At this week’s Personal Democracy Forum, a sponsor distributed a low-tech, but highly effective stress toy to attendees willing to listen to their pitch: a rubber ball on an elastic string that connects to a velcro band. Strap the band to your finger and you can play catch with yourself. Which is what I came to PdF to do. To my surprise, I also liked the pitch. The sponsor, a division of Washington-based public affairs consultants, uses the Internet, software and analytical brainpower to track story lines and news coverage to measure influence. Which, in a way, is what I do, too.

I discovered that a lot of folks came to PdF for the same reasons. They played catch with familiar ideas. And they used the event to measure influence, familiar and emerging. PdF soared with both activities. An impressive roster of speakers from the converging worlds of political action, civic technologies and individual empowerment stimulated, and occasionally stirred, a network of Web buddies and budding online politicos.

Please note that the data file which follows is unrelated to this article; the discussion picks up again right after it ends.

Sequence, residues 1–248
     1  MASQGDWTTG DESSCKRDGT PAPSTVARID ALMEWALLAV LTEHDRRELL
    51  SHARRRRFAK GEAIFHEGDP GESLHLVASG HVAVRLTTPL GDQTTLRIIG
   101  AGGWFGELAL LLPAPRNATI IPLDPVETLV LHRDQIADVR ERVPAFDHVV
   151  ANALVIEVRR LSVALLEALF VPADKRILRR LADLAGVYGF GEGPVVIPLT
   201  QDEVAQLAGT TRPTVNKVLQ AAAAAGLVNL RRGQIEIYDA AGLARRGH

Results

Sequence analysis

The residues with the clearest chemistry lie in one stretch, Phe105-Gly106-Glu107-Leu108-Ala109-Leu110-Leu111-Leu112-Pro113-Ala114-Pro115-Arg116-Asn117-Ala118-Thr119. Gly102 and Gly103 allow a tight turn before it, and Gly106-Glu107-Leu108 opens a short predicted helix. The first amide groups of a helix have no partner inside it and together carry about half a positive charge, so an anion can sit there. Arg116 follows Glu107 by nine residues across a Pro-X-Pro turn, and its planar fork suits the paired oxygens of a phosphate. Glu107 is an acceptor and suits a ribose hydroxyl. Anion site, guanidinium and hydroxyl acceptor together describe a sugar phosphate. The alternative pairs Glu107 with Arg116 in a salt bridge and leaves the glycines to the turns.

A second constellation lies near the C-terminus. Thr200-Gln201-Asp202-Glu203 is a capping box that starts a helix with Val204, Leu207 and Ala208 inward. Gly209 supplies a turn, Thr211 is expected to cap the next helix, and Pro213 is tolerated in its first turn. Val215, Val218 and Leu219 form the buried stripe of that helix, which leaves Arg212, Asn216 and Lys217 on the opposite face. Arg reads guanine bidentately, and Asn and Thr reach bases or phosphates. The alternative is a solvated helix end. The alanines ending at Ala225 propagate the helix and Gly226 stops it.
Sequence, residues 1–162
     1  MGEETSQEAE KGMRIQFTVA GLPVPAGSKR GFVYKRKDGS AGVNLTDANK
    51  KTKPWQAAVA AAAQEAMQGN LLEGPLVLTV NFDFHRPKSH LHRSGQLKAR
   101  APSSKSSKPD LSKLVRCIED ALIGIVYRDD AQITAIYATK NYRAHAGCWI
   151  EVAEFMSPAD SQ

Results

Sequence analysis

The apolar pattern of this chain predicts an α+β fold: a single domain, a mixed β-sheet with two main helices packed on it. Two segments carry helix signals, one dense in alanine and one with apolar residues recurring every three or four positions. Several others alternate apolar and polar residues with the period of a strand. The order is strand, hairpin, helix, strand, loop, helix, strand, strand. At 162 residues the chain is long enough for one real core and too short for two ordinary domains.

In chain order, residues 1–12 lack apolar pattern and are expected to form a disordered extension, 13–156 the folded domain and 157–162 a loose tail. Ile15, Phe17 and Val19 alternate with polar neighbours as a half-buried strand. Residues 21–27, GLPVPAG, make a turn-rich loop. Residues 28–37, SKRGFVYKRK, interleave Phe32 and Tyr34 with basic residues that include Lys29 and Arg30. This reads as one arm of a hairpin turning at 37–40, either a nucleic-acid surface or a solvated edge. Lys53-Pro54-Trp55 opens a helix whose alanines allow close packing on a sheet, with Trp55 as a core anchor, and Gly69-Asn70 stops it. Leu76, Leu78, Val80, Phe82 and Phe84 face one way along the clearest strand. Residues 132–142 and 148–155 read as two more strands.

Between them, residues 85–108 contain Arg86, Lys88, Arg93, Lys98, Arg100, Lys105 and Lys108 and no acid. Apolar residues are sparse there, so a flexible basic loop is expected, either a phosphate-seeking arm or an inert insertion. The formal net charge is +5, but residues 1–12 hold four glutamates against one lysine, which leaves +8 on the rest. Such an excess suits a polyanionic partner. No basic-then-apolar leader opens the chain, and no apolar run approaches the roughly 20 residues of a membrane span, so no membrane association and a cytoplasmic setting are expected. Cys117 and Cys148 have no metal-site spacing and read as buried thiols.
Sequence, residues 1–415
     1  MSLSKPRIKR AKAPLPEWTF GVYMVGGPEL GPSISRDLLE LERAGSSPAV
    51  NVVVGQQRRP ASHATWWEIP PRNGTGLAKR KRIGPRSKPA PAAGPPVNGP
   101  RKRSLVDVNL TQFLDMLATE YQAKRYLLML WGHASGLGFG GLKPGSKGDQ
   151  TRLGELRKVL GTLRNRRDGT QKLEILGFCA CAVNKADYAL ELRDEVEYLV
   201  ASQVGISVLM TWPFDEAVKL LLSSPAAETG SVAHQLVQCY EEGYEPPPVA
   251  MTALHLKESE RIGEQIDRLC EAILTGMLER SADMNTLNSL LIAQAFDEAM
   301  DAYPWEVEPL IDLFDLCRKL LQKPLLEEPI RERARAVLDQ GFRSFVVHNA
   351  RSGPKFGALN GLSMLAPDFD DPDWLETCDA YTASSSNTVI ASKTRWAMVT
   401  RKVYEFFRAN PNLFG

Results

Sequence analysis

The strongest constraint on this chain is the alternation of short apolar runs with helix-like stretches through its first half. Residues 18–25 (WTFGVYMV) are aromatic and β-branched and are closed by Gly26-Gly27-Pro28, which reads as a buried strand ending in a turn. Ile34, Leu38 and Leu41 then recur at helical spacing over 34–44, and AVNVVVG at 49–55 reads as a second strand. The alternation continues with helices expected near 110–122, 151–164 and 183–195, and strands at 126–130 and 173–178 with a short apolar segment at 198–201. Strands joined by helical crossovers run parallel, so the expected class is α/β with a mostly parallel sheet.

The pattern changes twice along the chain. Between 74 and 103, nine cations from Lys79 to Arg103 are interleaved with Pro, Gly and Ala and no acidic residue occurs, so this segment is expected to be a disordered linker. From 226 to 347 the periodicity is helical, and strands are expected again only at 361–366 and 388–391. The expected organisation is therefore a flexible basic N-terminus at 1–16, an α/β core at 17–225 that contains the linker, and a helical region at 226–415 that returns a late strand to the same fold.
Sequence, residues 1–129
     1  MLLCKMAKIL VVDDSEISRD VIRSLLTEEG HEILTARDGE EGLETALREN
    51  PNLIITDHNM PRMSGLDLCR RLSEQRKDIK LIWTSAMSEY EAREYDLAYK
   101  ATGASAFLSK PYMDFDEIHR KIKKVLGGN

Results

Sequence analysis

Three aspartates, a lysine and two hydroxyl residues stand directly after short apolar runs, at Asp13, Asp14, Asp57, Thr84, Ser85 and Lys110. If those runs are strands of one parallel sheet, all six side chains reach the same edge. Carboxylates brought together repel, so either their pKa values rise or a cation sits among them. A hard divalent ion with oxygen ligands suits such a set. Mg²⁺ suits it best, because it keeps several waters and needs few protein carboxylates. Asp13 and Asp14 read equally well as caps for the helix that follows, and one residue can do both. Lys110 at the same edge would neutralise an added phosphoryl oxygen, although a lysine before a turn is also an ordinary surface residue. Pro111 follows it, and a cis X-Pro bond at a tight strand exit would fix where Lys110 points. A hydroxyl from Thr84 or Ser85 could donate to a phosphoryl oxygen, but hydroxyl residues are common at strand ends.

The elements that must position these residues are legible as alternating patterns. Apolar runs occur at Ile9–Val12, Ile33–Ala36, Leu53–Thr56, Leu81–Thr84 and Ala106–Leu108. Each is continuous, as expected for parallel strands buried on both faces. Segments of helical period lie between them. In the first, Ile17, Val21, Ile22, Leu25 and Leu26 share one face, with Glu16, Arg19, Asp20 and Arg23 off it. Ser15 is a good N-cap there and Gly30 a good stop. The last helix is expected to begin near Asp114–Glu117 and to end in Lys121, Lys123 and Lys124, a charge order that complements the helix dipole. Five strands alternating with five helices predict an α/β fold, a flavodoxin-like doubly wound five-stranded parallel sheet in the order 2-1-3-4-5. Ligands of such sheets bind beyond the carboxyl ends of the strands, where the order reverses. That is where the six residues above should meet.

Missing an Aha! moment that changes the world, PdF is more noteworthy for its momentum. At this moment, you can feel democracy shifting amid civic engagement enabled by technology. PdF is a forum where you can almost get your head around that big idea. Organizers Andrew Rasiej and Micah Sifrey deserve as much praise for their impeccable timing as their star-studded roster of speakers. In two days of dense programming, content frequently rose to the level of the venue, the stunning Frederick Rose Hall at Jazz at Lincoln Center overlooking New York’s Central Park.

Playing catch on an elastic string, a few highlights and insights:

– FCC commissioner Jonathan Adelstein, high-profile tech execs and industry advocates launch an initiative to make broadband access a national priority in the U.S.

– Lawrence Lessig touts the Change Congress movement by using every distracting feature in Keynote.

– Arianna Huffington declares that she knows The Truth that others don’t. About 50 people in the audience who blog at Huffington Post say they agree with her.